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Gift Giving Traditions in Japan / Tradition of Omyiage

        Gift-giving in Japan carries much importance. It must be done on the proper occasions and in the proper way. Gifts must be chosen according to protocol, wrapped according to protocol, and given according to protocol. The traditions are ancient & deep and sill honored today. Giving gifts is done not only on holidays and special occasions, but it is an integral part of the business culture as well.  The Japanese love "regional" gifts - it is very proper and required that when one goes a trip, you bring back gifts, and preferably regional specialties. On a par with the choice of an item, where it is purchased is equally important, and brand names (the higher the popularity the better) are desired.  At gift giving seasons, the large department stores in Japan have entire departments devoted to offering proper gifts for sale, as well as gift wrapping services. Year round, the "required" types of gifts for weddings, funerals etc. are always available. Adding to properly choosing a store and gift, how it is wrapped and presented is just as important. Items purchased from major department stores get presented in the wrappings and bags of those impressive places. Making small bags or wrappings from fabric is another very "proper" thing.

        Little decorative (especially hand-made) bags and items will always be a big hit with Japanese - especially women.  Food is also a good gift of choice since it can be consumed ... this is important for small Japanese homes and apartments with so little space.  Omiyage means gift, or more specifically, the type of gift one brings back to give to others when one has been away on holiday (vacation), or the gift that one brings when one visits someone's home.  Omiyage is also a "return" gift - one which you give to the person who has just given you a gift. Because gift-giving is such a huge thing in Japan, "generic" gifts are quite acceptable.  In nearly all train stations or neighborhoods, there are shops with stacks and stacks of boxes of various regional/local foods for travelers to bring back with them. Due to the "return gift" obligation, many homes have a "gift closet" stocked with a variety of nonperishable items that would be suitable as return gifts, or "emergency" omiyage.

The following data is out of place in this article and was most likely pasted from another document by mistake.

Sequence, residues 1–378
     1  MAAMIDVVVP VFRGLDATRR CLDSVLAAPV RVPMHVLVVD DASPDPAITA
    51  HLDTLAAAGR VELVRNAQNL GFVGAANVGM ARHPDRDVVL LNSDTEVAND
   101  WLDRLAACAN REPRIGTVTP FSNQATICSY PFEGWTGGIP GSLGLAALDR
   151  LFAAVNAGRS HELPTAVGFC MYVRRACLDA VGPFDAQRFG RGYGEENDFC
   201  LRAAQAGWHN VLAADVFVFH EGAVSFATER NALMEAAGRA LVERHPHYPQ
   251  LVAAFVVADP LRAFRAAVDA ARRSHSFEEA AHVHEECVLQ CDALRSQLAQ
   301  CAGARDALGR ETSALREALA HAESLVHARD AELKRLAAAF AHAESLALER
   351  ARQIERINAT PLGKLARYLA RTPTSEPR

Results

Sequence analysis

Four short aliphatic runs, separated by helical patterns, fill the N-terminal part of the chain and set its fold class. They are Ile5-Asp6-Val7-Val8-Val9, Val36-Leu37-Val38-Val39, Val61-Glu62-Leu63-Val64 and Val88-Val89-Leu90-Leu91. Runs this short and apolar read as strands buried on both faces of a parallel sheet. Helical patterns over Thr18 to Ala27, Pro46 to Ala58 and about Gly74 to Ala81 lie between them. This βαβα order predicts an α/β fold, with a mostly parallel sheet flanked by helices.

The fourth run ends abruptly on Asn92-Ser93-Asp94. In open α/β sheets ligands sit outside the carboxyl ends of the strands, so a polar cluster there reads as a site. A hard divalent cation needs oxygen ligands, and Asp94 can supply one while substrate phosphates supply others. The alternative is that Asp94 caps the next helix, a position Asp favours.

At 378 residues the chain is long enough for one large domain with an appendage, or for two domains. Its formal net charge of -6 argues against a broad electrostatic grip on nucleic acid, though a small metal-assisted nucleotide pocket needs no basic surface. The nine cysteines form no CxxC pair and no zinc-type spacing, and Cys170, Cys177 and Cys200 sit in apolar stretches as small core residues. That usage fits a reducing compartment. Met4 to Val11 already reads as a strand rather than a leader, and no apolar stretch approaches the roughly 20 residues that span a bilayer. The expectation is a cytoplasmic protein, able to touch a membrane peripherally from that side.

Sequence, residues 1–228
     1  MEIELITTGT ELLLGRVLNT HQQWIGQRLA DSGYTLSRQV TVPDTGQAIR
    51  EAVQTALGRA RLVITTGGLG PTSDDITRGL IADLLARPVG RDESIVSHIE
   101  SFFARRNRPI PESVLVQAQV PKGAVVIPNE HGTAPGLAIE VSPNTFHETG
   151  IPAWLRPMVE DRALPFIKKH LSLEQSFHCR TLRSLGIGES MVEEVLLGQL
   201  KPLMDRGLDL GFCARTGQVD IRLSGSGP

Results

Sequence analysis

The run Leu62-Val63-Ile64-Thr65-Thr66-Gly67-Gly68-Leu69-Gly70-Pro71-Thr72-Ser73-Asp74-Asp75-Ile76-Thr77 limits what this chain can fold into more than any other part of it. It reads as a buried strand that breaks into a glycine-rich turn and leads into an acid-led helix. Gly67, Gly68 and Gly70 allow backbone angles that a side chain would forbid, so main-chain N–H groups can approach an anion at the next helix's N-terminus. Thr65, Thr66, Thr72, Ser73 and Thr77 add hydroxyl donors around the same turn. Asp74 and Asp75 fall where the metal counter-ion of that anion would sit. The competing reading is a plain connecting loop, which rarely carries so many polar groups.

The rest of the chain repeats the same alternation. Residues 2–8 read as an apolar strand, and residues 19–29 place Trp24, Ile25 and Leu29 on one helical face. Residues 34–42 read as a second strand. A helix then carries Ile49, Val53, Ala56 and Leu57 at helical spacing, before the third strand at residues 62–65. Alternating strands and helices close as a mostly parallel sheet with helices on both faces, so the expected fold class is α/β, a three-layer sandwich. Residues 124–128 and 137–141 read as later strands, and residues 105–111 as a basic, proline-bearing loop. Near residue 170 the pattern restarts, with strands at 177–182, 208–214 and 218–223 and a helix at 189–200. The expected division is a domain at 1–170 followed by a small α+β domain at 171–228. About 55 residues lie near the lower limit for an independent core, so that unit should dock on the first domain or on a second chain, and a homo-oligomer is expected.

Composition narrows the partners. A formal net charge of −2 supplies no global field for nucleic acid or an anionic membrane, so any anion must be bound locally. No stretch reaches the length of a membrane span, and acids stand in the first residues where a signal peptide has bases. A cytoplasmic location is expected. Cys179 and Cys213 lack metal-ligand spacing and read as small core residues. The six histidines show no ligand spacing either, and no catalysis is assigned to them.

Gifting in Japan also has a certain ritual... one does not open the gift in front of the giver.  This allows the receiver to sincerely thank the giver for the gift, irregardless of whether they "like" the gift or not.... they can be "truthful" (save face) because they have not seen what is inside.  Often, because of this, the giver will tell the recipient what the gift is... then, if the recipient does not wish to open it later, they can set it aside (assuming it is not food), and use it as their omiyage to someone else! It is said that if you wait long enough, you will receive the gift back as it gets passed from friend to friend, relative to relative...

        There are two major gift-giving seasons (late spring, late fall) in Japan, when the stores lay out their gift-box displays.  One goes to the store with a list of obligatory addresses in hand, chooses which items to get whom, fills out the order/mailing forms, pays, and the store will take care of the rest.  The item will be properly gift-wrapped, addressed, and sent to your friends, relatives, and business associates. The gift-boxes are quite elegant - considering they may contain anything from cooking oil, to soy sauce, bars of  fancy soaps,  smoked salmon, and other assorted sea-foods... all in velvet-lined, wood-enclosed, cushioned elegance. There are stores where you buy your every-day things, then there are stores where you buy for others; expensive, bargains are not in the game, and the name of the object or manufacturer says it all.

        As a side note, when a gift consists of multiple items (such as sake cups), the total number should always be odd (as in 1,3,5, etc.). Odd numbers are lucky or auspicious. The exception is something that obviously comes in pairs - such as Hina Dolls, or "his and hers".  Equally important is to avoid giving 4 of anything. One of the Japanese words for 4 is shi which means death.  Even the Japanese will try to avoid saying it, and use yon instead.

        It is also important for you to remember what a person gave you as an omiyage because you are obligated to verbally thank them again the next time you see them.
        Gift wrapping and presentation is very important as mentioned. Many times a gift will be given in a furoshiki (wrapping cloth), and can be elegant for gift use, as well as completely utilitarian. There are many beautiful ones - usually nearly a meter square, and often made of silk, cotton ones dyed with indigo, and with the white sashiko stitching. A furoshiki is the Japanese version of a reusable tote bag. As mentioned above, the most preferred wrapping is that of the store where purchased, but next in line will often be furoshiki.
With thanks to Sue H.

Last updated 11/2013 © 1998 - 2014 G. Thompson/PuffinStuff, Inc.